How could I have 50% of Mom’s DNA and not have any Italian? We do look alike, and she says there is little chance I was switched at birth with someone else.

We decided to get a second opinion and sent away to another company, 23andMe. We opened our results together and were just as surprised.

This time, I at least had a category for southern Europe. But Mum came back as 25% southern European, me only 6%.

And the Italian? Mum had 11.3% to my 1.6%. So maybe the first test wasn’t wrong.

But how could I have an Italian grandmother and almost no Italian genes?

To answer this question, mum and I drove up to Baltimore to visit Dr Aravinda Chakravarti of the Johns Hopkins University School of Medicine and the Bloomberg School of Public Health, who has spent his career studying genetics and human health.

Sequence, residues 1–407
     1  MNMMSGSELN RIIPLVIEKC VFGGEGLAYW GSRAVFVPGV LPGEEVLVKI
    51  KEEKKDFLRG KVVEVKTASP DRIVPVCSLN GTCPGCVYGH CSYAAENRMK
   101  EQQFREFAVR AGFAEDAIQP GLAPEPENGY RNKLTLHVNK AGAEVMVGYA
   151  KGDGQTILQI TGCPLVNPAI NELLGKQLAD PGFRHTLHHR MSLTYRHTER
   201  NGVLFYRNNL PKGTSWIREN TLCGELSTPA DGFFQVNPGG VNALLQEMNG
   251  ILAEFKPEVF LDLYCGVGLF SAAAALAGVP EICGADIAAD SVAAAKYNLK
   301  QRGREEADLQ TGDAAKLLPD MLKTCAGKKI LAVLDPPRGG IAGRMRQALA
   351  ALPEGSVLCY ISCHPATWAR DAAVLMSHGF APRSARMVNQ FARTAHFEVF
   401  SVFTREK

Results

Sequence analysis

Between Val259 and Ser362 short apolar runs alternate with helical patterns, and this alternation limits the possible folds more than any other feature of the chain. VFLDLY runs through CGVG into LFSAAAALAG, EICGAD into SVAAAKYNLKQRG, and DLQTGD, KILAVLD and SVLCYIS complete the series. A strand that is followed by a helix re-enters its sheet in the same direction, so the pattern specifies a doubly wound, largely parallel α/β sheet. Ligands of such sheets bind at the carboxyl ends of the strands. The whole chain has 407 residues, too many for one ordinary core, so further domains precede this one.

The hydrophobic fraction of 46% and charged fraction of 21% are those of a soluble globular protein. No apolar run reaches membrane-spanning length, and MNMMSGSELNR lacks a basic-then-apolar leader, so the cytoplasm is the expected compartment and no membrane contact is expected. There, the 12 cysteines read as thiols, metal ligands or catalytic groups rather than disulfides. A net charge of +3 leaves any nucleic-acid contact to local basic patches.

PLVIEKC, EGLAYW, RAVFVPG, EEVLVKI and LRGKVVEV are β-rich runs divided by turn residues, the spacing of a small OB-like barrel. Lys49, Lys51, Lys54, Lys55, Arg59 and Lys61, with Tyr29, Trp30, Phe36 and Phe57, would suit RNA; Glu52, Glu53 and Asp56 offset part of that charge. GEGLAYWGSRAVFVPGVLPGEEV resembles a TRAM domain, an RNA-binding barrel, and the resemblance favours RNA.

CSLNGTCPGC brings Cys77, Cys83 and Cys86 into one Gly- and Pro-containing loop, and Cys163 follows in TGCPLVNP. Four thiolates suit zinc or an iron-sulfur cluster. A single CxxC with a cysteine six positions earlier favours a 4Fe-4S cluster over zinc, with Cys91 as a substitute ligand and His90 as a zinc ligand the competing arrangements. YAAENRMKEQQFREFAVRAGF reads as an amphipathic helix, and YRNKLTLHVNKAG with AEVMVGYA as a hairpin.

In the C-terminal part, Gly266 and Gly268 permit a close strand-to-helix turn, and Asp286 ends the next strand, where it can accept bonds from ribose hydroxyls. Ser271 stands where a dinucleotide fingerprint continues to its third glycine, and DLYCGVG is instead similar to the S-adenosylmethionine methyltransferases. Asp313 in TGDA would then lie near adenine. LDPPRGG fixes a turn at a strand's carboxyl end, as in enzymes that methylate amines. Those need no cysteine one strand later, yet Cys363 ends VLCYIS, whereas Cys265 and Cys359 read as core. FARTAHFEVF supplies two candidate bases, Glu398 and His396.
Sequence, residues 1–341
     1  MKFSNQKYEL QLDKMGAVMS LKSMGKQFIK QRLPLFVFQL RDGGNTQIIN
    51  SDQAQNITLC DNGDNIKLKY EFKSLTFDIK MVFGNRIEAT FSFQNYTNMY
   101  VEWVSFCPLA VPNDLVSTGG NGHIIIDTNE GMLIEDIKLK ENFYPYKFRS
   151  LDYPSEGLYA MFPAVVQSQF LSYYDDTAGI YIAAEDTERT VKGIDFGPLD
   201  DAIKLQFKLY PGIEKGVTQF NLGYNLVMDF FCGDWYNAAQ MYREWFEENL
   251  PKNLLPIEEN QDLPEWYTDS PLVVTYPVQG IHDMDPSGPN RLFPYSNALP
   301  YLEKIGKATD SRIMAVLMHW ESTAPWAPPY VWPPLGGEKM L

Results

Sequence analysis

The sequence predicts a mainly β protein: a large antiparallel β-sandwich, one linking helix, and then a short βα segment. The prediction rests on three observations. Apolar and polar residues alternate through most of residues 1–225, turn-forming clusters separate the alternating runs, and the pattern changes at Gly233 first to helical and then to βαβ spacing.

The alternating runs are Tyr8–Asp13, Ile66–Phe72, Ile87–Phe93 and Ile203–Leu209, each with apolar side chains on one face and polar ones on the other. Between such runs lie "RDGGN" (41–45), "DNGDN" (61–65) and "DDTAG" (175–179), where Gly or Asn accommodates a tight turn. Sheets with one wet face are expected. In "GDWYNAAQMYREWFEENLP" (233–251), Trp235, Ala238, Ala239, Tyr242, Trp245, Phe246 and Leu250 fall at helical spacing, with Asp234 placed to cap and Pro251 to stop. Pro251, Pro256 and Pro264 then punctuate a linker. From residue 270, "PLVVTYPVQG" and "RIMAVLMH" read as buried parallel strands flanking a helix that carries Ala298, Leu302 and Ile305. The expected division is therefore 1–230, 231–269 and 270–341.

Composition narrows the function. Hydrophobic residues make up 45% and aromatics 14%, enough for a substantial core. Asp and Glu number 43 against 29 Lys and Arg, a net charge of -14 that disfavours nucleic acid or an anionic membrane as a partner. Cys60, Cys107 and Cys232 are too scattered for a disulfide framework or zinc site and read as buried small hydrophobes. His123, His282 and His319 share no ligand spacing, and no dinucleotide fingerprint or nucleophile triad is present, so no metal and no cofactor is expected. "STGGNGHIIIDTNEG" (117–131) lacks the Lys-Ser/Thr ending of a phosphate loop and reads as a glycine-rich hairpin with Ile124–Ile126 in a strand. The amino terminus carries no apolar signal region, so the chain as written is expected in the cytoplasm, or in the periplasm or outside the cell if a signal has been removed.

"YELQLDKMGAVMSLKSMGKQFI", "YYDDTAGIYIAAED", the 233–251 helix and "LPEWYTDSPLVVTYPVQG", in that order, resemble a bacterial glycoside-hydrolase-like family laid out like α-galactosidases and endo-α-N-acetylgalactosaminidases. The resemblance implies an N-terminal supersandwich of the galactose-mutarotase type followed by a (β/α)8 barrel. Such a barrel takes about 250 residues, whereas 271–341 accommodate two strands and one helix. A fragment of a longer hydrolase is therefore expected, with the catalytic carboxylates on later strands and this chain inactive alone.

“That’s surprising,” he told us when we showed him the results. “But it may still be in the limits of error that these methods have.”

The science for analysing one’s genome is good, Dr Chakravarti said. But the ways the companies analyse the genes leave lots of room for interpretation.

So, he said, these tests “would be most accurate at the level of continental origins, and as you go to higher and higher resolution, they would become less and less accurate”.

As in my case, the results got me to Europe, just not Italy. My 23andMe test also showed less than 1% of South Asian, Sub-Saharan African, and East Asian and Native American.

This, Dr Chakravarti said, is likely true because the genetics of people on a continental level are so different, and it’s not likely that South Asian will look like European.